Broadcast engineers, tech suppliers and other experts will gather for four days of networking and learning, starting Thursday at the 2019 CCBE (Central Canada Broadcast Engineers, Technologists & Technicians) Conference.
This year’s conference features a wide-ranging agenda with presentations on everything from HD Radio implementation to media asset security and free apps for broadcasters.
“It’s a very valuable opportunity for technicians and engineers in both radio and TV to gather in one place and experience workshops that get into detailed tech and products, but also government regulations, transmitters and the more traditional side of broadcasting,” Lorne Anderson, CCBE president, told Broadcast Dialogue.
“It’s a terrific opportunity to get together and talk shop. To nerd out and talk about the experiences engineers are having at their properties, both on the technical side in terms of the problems people experience and the solutions they come up with…products that have or haven’t worked. There’s a lot of learning that goes on and relationships formed, so once the conference is over you can go home with a few names and phone numbers of people you can communicate with…there’s also a lot of networking that goes on that’s a very valuable part of the conference,” said Anderson.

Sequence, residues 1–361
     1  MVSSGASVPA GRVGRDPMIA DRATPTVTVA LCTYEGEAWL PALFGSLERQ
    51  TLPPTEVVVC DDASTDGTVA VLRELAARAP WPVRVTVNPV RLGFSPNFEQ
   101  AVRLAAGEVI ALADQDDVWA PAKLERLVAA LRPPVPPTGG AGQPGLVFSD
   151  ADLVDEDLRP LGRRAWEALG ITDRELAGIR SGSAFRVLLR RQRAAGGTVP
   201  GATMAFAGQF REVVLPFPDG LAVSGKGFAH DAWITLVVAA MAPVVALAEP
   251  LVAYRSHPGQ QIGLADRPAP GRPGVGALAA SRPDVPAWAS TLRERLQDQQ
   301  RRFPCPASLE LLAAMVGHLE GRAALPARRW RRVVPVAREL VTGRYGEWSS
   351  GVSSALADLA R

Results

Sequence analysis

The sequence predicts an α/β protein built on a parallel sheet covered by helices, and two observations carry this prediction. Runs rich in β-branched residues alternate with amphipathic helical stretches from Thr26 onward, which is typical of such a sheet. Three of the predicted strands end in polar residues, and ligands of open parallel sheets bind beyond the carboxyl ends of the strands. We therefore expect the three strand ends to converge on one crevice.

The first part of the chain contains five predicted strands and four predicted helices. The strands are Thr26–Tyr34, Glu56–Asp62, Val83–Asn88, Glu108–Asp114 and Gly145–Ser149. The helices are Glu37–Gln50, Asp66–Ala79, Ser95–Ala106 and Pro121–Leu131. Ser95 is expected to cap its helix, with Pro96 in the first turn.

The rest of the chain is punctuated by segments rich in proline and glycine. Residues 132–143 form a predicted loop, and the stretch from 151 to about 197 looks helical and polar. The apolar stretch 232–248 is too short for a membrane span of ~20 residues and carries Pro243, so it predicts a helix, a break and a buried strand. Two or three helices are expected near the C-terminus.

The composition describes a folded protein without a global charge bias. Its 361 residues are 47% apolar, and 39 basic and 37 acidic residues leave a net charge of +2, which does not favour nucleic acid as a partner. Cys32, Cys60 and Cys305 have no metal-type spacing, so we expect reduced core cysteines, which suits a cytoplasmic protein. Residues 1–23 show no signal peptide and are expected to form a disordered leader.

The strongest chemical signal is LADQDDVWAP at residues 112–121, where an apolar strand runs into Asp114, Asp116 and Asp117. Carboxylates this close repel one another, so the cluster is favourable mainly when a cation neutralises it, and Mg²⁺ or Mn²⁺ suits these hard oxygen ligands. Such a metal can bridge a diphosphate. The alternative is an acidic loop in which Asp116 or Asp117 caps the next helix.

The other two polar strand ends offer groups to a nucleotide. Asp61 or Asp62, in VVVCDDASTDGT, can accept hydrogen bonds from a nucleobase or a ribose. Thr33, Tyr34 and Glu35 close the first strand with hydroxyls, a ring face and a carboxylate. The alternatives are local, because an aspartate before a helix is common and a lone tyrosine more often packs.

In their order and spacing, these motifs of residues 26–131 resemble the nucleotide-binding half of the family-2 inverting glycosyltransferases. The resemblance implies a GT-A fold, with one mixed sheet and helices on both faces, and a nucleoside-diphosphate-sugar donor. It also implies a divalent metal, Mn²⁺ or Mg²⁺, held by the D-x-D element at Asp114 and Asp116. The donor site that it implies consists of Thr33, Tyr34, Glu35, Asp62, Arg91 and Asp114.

Anderson says this year’s agenda includes discussion on how IP is maturing, new products coming onto the market and compression audio processing. He acknowledges with more centralization of stations, the role of the broadcast engineer has changed, contracting in some areas and expanding in others.
“As equipment becomes more reliable and doesn’t break down as often, attention goes to other things than just repair. When I started you had to adjust tape machines on a weekly basis, now we put computers in and they tend to last for years,” explained Anderson, who has been a broadcast engineer since 1983, and currently oversees five Bell Media radio properties in Winnipeg and Brandon.
“While equipment has become more reliable and needs less attention, at the same time it is more sophisticated so there are different kinds of demands and different things we have to put our attention on. Our skill sets are increasingly expanding outside the control and production rooms and inside the offices…handling IT for the whole operation,” said Anderson.
New product releases are a large part of the conference. Anderson says being able to go to three different rooms and see three different automation systems, for example, is not only helpful for discovery but allows engineers making large investment decisions to ask questions face-to-face.
“Suppliers don’t just sell products, they recommend them to us and filter out selections and choices that aren’t to our advantage,” said Anderson. “You can talk to people on the phone, but it’s better to meet people in person. They get to know you a bit better and know the needs of your station and make proper recommendations. The vendor suites are a very valuable part of the experience. With technology, it’s one thing to go to a website, it’s another to get a demo and visual explanation from a supplier first hand and be able to ask questions as they come up.”
The CCBE Conference is happening Sept. 26-29 at the Kingbridge Conference Centre in King City, ON. Find the full program agenda here.
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